Hotel Hell

Enjoy Relentlessly Violent Depictions of Jihadist Attacks? Have We Got a Movie for You!

I saw the Hotel Mumbai movie. Based very tightly on a brutal and hideous 2008 jihadist attack upon a legendary Indian hotel, this film offers up more death, horror, and blood than any slasher feature. It contains no camp and no fun, just grim slaughter and grimmer survival. Everyone sweats and cries a lot. No luxury garment goes unstained.

HOTEL MUMBAI ★★★★ (4/5 stars)
Directed by: Anthony Maras
Written by: John Collee, Anthony Maras
Starring: Dev Patel, Armie Hammer, Nanazin Boniadi, Jason Isaacs, Anupam Kher
Running time: 123 min


Hotel Mumbai falls into the category of real-life terrorism movies in which nothing goes well, like Flight 93, Captain Phillips, and, most recently, Paul Greengrass’ 22 July. The Australian filmmaker who subjects us to this anti-party, Anthony Maras, films everything close and claustrophobic, using TV news footage to draw out a wider lens. We can feel the walls close in as death draws near and gore splatters the hotel columns. The viscera feels visceral.

But while 22 July got its killing done in the first half-hour, Hotel Mumbai contains no coda or search for justice. It bypasses the Hollywood formulas. At no point does John McLane crash through the skylight. The terrorists occupy much of the narrative, controlled by a sinister unseen force from Pakistan. They’re mostly brutal automatons, though one of them looks so much like Kumail Nanjiani that I kept thinking “is that Kumail Nanjiani? and am I racist for thinking so?” It wasn’t, and I’m probably not.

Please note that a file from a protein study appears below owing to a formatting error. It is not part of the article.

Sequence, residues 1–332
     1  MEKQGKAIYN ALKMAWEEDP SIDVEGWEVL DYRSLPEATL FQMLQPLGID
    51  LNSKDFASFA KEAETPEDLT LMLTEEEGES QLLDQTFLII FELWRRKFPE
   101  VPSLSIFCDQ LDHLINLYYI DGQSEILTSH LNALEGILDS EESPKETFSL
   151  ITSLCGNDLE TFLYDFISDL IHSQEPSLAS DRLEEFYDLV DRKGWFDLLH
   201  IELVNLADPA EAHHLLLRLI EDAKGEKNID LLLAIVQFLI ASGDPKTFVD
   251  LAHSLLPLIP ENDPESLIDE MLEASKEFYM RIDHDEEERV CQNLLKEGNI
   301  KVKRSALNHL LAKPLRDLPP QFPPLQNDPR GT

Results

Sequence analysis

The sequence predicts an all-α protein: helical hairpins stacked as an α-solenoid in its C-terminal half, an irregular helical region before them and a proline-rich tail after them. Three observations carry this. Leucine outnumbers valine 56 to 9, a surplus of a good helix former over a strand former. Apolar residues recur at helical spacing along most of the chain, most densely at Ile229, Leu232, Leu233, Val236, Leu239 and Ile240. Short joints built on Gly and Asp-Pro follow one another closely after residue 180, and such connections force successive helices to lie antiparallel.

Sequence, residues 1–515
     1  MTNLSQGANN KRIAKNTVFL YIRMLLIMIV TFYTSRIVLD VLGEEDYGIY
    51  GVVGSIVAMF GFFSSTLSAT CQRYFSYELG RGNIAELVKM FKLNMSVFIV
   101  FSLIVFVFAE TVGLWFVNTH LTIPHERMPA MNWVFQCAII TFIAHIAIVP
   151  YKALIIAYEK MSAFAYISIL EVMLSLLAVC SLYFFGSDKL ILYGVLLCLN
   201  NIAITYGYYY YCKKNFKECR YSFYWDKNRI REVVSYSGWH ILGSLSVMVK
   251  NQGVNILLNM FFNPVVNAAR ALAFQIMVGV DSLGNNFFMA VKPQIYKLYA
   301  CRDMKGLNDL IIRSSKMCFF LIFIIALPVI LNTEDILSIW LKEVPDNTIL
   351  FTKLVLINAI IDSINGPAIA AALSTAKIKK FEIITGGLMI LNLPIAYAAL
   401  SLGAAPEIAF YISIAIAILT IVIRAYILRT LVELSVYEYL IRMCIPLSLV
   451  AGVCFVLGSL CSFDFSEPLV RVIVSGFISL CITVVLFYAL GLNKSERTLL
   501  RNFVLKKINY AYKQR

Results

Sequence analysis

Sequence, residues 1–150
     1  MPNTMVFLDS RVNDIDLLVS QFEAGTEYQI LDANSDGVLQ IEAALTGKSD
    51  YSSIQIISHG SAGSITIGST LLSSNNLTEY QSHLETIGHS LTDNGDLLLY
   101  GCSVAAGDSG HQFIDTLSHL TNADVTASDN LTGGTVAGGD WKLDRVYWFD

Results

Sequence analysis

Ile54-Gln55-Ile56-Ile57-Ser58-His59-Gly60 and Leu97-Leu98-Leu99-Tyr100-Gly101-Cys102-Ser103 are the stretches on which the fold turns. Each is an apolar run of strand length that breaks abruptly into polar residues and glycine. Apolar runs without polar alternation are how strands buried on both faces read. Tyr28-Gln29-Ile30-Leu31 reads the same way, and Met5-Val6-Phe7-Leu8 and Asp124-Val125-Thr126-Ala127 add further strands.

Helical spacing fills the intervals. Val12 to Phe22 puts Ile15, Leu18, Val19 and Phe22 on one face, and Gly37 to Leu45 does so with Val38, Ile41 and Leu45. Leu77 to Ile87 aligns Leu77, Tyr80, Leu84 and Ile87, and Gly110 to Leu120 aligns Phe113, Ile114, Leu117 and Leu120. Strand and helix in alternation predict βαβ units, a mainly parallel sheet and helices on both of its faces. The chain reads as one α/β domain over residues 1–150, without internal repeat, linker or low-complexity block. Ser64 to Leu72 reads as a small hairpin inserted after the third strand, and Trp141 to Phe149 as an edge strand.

Armie Hammer is not Batman in Hotel Mumbai.

If a similar attack had happened in any U.S. city, a SWAT team would have descended upon the building in 15 minutes. But the Mumbai police prove useless, and Special Forces are 800 miles away. Inside the hotel, white saviors, even when Armie Hammer and Jason Isaacs play them, don’t emerge. Instead, our heroes are ordinary hotel employees who sacrifice everything to protect their rich guests. Dev Patel, always circling awards season, comes closest to a heroic role as a Sikh waiter who displays extraordinary courage and nobility even though he has everything to lose.

Critics of the movie have said it “glorifies” terrorism. In fact, New Zealand pulled the movie after the Christchurch mosque shooting. But in that case, Muslims did the dying. In Hotel Mumbai, Muslims do the killing. Governments shouldn’t censor a movie like this. This kind of death can come for anyone, at any time, at any hand. The safest choice would be not to go to restaurants, or hotels, or Las Vegas, or the Bataclan. Stay home and have your groceries delivered.

Of course, that’s not the answer. Hotel Mumbai doesn’t exploit. It chronicles the randomness of violence, and the ordinary heroism and decency of people forced to confront terrorism. Everyone should see this movie, because it could happen to you. But no one will, because Hotel Mumbai is horrible to watch and tough to love. We go to the movies to see the good guys win and true love triumph. No one wants to watch rich old ladies get gunned down unstylishly on the bidet.

This concludes my review of the Hotel Mumbai movie.

We’re going to have such a nice stay at the Hotel Mumbai!

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Neal Pollack

Book and Film Globe Editor in Chief Neal Pollack is the author of 12 semi-bestselling books of fiction and nonfiction, including the memoirs Alternadad and Stretch, the novels Repeat and Downward-Facing Death, and the cult classic The Neal Pollack Anthology of American Literature. A Rotten Tomatoes certified reviewer for both film and television, Neal has written articles and humor for every English-language publication except The New Yorker. Neal lives in Austin, Texas, and is a three-time Jeopardy! champion.

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